- Quote from trekker76I'm one of those downsizees (although not in IT) who's 42 years old and working on another career. Therefore, I'm just a student so, quite frankly, I wouldn't know.Could you write a brief list of what entails doing a great job as a nurse? I think this could differ greatly from one person to the next.
I just get frustrated with of all these posts saying it shouldn't be about the money. That's great in an ideal world, but it doesn't exist. For those of us who have been kicked around in other fields, it's incredibly frustrating. After awhile you are looking for a career where there's a labor shortage, just because you get tired of working your butt off just to get laid off, once again. You gotta eat, pay the mortgage and you need options.
I've worked a dozen jobs in the last 20 years in a variety of areas. All of the stuff everybody complains about doesn't sound that much different from all of the other jobs I've had, that is, when you talk about lousy pay, poor working conditions, greedy management trying to screw you, etc. To me, it's like, "What else is new?" Just give me a career where I at least have some choices if it is really all that bad, and at least I don't have to worry too much about pink slips and constant rounds of layoffs.
I have no idea if I'll be a good nurse or not, but I'm sure as hell gonna try. I'll do a good job, like I always have, whether I like it or not. I do take the responsibility seriously and I study my butt off. I'm also taking additional courses to acquire additional medical experience. So I guess that's all I can do.
But maybe you guys could give us downsizees a break every once in awhile. You're always saying, if you don't have the "calling" or the "passion," do something else. Well, we have. It's not that easy or simple. If it was, all of these nurses who complain about their jobs would be doing something else too.
Last edit by Sheri257 on May 21, '04
- May 21, '04 by chiliwingsThanks everybody for all your replies. It sure is very interesting to read different kinds of opinions. Anyway when I originally posted this message, I was still in the stage where I was considering taking up nursing as a second career. Being in IT for quite some time and suddenly doing a 180 degree turn is not at all that easy to do. I had a lot of people asking me why I wanted to get in to nursing. I must admit, had the situation with the IT industry been any different, I of course would gladly stick to it. But as every body knows, things right now are not that what they used to be. Seasoned programmers are being laid off here and there. As for nursing, like what one of the posters wrote, nursing students are immiediately hired even when they are still in school.
Job security may be one of the first reasons why I decided to pursue nursing, but it certainly isn't the only one. But that reason did make me consider looking into the nursing field more closely. We all got our own reasons why get into a certain field. These reasons are the ones that motivate us to want to become programmers, doctors, engineers and nurses. But what makes us stay in that particular field is what is more important I think. Because in my opinion, we never really know what makes a good doctor, or a good nurse or a good programmer until you yourself are immersed in that field. Before we enter into a certain field, we only have a vague idea of what being a good nurse (or doctor, etc) entails. In other words, I honestly think you learn more of the field as you go along - from taking classes to finishing your degree, to actually working and doing your job as a nurse, doctor etc.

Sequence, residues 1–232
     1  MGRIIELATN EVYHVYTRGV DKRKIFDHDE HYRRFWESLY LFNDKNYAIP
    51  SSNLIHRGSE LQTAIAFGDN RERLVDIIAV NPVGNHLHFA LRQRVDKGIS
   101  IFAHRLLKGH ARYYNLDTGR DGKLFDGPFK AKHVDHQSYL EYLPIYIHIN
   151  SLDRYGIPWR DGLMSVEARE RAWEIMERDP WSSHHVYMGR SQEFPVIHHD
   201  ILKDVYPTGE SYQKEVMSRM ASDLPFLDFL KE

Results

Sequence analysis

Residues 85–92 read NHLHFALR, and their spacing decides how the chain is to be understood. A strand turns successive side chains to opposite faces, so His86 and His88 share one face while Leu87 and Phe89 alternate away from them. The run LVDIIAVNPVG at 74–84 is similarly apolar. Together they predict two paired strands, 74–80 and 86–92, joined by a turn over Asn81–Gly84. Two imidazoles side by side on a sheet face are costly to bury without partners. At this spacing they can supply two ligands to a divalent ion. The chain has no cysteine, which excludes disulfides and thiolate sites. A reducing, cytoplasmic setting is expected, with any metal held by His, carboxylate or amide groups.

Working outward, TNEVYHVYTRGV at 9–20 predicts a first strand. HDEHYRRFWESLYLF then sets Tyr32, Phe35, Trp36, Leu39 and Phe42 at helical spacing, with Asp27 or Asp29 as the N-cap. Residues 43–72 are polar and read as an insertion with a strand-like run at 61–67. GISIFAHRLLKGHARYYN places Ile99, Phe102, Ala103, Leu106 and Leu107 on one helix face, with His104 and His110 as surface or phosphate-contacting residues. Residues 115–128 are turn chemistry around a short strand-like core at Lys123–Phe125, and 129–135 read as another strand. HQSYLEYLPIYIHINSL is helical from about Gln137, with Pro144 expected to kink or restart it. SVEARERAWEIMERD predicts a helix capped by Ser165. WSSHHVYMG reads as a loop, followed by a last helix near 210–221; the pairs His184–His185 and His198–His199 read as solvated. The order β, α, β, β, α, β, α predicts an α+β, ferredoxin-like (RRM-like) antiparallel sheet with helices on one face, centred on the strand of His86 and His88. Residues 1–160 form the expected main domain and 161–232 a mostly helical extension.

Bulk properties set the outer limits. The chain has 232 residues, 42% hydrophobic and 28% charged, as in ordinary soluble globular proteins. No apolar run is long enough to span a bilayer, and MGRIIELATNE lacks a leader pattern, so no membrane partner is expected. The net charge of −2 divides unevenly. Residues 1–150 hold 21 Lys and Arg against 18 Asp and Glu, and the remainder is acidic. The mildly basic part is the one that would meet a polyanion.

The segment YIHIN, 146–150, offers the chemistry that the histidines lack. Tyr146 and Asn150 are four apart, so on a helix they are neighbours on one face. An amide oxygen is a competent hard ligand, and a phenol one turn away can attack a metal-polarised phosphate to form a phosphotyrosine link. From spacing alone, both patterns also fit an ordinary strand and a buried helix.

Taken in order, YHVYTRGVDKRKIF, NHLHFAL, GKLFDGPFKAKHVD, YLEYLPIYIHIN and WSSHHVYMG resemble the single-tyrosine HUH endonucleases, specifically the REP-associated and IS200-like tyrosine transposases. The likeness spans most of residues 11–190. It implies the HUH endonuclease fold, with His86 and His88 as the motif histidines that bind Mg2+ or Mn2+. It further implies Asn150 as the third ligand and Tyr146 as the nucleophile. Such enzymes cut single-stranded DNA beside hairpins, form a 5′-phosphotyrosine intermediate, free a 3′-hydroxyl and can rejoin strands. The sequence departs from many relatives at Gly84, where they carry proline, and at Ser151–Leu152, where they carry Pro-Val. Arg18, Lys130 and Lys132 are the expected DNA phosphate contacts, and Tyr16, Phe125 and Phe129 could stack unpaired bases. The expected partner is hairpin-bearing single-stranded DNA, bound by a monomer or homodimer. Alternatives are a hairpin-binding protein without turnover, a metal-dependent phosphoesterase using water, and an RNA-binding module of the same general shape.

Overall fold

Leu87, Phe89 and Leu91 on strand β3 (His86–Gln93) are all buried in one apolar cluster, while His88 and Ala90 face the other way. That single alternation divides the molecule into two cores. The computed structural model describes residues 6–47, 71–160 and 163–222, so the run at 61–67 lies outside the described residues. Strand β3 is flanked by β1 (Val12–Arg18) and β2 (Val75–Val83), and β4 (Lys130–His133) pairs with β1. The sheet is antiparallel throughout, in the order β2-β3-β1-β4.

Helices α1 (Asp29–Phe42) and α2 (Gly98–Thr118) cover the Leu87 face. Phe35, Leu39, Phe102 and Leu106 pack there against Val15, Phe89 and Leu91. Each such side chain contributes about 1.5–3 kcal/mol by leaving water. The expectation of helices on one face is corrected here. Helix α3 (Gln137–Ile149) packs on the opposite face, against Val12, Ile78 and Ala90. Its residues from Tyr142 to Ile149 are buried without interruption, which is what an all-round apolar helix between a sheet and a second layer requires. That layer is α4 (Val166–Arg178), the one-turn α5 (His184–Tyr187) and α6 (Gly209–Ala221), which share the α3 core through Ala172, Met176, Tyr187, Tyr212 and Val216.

Don't get me wrong, I of course agree that there should be more than just money or security as the reason for getting into nursing. Because if money is the only reason why I decided to enter IT, then I shouldnt have lasted for more than 1 month in my job! :chuckle Of course I know the importance of loving what you do in order to be successful in it. I did my research into the nursing field, did a lot of informational interviews and all. And from what Ive learned it does look like a rewarding job, regardless of what other people say. Yeah, there may be a few "disgruntled" nurses here and there, but what other field doesnt right?
When I initially considered the nursing field, I did not have that much idea about it (or if it is something I wanted to get into) which was why I decided to take just one class to serve as my "testing" board. I took AP as my first class. In this way I thought, if I don't like it, I can just quit and there's no harm done. After all it is just one class. But so far I am happy to say (and to my suprise too) that I actually am enjoying it a lot and find it very interesting. Before, just the thought of blood and doing lab and all that turns me off, but now that I am actually doing it, I find a certain degree of satisfaction and enjoyment. So the saying that "Dont knock it until you try it" holds true in my case. So far I honestly think I made the right decision and I am very happy with it. And in the long run, that's the only thing that matters.
- May 22, '04 by SwedandyWhile I do not hold an academic degree in computer sciences (I do hold a number of NetWare, MS and Cisco certs and systems adm is what I've been working with), I have worked in the field for some years here in Sweden. When the industry started going downhill, I found myself without a job and unable to get a new one. For this I am now only grateful, as it gave me a chance to pursue my interest in nursing and medicine. I've always been wanting to work with health care but for several reasons this has never come to be until now. I started RN school this January and so far I am loving it! I so can not believe I didn't get into this earlier!
The work situation for nurses in Sweden is a mixed blessing. As it is very rewarding working with health care that is free to every citizen and there is a shortage in nurses just like everywhere else, the pay is just rediciolous and most nurses are very unhappy with management. I believe you have to have a genuine interest in nursing to be a good nurse, but that does not exclude trying to make a good living. Since my wife is a "native" Texan, we plan on moving back after I'm out of school. We both miss the heat and the humidity!
I hope you will love nursing as much as I do and that your career works out well for you.